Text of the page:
Meriden Use of Force Committee almost finished with its work



MERIDEN — A City Council committee charged with deciding whether the city should have civilians review police use-of-force complaints hinted during a meeting this week that it favors a review board.

A series of 5 to 3 votes during the virtual meeting Monday night showed that the Use of Force Review Committee has enough will to recommend that the City Council establish a civilian review board. 

The votes fine-tuned and finalized a draft ordinance that would establish the legal and procedural framework for a review board, but the committee's recommendation won't be voted on until the committee meets July 7 to possibly approve a final report being drafted, said City Councilor Michael Cardona, the committee's chairman.

"I would think we are pretty close to being done," Cardona said Tuesday.

After that, the full City Council would have to vote on the recommendation. 

Committee members Cardona, Natacha Kerelejza, Sharlene Kerelejza, Ronald Weller and Kim Fisher voted in favor of the draft ordinance. Meriden police Capt. John Mennone, Meriden Council of Neighborhoods leader Holly Wills and City Councilor Bob Williams Jr. opposed.

Acting amid the national furor caused by the police brutality that led to the death of Minneapolis resident George Floyd last year, the council charged the Use of Force Review Committee with investigating whether Meriden needs a civilian review panel. Since then, councilors and some committee members have expressed skepticism as to whether Meriden needs a review board while also expressing confidence in Police Chief Roberto Rosado.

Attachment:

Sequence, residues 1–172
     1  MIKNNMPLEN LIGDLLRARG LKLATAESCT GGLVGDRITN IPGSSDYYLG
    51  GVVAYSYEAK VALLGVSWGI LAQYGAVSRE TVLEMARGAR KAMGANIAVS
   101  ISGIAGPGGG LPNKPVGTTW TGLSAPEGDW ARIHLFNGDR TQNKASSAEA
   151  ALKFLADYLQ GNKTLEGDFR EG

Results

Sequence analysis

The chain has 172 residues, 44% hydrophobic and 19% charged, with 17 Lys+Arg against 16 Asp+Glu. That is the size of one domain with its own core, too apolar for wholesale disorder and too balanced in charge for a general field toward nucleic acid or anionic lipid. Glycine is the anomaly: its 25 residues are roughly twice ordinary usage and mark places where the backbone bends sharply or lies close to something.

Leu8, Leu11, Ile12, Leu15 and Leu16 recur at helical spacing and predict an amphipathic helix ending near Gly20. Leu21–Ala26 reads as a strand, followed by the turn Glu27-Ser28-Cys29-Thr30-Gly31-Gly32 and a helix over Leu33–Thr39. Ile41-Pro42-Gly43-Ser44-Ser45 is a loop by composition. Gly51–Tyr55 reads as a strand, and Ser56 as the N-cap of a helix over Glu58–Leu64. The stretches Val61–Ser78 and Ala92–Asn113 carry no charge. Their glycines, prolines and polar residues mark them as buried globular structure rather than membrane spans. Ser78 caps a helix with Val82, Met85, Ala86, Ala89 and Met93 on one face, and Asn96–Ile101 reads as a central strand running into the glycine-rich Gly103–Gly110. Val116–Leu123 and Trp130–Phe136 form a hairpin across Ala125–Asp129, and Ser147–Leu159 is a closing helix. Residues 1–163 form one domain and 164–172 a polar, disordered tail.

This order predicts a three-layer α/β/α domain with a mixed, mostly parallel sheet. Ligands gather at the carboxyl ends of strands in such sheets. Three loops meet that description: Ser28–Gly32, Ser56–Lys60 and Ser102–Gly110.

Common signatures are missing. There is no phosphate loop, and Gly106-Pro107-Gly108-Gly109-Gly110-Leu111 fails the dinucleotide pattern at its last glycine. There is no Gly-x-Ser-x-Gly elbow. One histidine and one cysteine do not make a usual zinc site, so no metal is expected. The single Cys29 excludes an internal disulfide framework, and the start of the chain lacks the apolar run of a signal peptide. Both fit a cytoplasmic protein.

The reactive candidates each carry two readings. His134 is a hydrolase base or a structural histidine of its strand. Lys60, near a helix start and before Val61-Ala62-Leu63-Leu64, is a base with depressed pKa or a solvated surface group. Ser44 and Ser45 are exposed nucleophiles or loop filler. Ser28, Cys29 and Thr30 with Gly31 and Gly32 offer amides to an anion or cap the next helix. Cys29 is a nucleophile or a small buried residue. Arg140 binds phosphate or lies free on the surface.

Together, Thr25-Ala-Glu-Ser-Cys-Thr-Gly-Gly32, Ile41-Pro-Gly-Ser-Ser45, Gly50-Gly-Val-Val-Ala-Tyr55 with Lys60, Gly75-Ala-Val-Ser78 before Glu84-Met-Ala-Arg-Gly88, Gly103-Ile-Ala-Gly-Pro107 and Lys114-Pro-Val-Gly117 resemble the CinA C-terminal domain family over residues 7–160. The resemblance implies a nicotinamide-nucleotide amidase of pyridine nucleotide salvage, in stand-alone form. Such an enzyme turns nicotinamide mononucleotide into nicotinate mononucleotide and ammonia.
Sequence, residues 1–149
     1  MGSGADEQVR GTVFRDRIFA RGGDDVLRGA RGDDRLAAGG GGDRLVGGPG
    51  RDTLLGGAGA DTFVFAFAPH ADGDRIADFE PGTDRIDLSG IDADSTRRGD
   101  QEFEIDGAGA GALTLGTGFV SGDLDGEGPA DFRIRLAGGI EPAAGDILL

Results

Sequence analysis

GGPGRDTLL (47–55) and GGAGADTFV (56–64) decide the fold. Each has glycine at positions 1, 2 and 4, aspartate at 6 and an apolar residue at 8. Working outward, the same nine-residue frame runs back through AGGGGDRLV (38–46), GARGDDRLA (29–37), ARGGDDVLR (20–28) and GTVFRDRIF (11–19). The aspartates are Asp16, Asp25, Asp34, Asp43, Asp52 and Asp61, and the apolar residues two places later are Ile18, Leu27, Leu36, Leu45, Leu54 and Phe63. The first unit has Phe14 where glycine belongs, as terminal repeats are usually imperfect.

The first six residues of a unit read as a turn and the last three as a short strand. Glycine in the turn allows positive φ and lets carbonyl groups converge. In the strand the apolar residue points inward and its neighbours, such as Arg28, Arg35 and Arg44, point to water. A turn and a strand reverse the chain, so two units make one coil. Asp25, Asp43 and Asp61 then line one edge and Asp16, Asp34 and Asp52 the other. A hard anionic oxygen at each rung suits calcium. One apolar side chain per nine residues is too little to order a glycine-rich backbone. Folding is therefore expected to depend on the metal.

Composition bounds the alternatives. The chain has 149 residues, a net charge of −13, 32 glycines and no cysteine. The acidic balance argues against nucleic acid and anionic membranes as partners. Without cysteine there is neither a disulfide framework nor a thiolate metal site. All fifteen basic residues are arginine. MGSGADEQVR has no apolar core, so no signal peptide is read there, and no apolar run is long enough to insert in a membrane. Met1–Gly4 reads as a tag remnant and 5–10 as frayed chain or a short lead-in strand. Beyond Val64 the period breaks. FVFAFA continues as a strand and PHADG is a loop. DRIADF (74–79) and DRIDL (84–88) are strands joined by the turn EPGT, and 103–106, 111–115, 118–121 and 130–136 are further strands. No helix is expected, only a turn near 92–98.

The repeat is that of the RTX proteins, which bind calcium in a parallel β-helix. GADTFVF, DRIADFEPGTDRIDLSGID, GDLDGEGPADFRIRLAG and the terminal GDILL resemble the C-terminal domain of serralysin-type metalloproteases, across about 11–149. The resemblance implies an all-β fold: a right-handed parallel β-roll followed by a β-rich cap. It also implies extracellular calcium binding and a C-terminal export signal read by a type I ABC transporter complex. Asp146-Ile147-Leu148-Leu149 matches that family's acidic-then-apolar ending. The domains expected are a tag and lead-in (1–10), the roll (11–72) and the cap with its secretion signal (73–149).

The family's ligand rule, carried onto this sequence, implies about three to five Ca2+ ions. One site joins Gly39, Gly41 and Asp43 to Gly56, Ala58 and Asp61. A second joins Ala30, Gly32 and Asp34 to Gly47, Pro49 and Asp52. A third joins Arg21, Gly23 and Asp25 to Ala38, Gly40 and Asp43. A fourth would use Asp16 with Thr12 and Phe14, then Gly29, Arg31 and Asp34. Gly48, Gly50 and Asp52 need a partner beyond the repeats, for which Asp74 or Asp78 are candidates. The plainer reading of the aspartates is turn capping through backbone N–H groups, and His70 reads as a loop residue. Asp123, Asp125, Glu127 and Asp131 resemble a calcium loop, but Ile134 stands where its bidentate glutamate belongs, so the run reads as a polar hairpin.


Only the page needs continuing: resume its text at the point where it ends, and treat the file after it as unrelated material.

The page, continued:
Community survey

A survey of 535 Meriden residents that was distributed from May 21 to June 18 showed that residents support more civilian review of police use of force, yet it also showed that confidence in existing police management is high.

According to the survey, 427 respondents, or 79% of those surveyed, believe that city police officers work together with community members to solve local problems to a “great extent” or “somewhat.” Another 79 said that police work with the community "a little" and 18 said "not at all."

When asked if they had trust in city police, 83.4% said they had a “great deal” or “some” trust and 10% responded they had “very little” or “no trust.” Just under half, 48.4%, said there should be some independent civilian committee to review complaints against police, and 37.2% opposed a review board. Another 13.6% were unsure, according to the survey results.

When asked whether Meriden police treat people of all races and ethnicities equally, 281 said “yes” — that's 52.5% of respondents — and 75 said “no.” A total of 176, or 32.9%, were unsure. When asked where they would go if they had a concern about police, 54.6% said they would approach city officials, while 44.7% said they would go to police leaders.

More than half, about 58.5%, said they wanted more transparency and openness from police.

Some committee members said they would have preferred a larger pool of respondents.

nsambides@record-journal.com203-317-2279Twitter: @JrSambides



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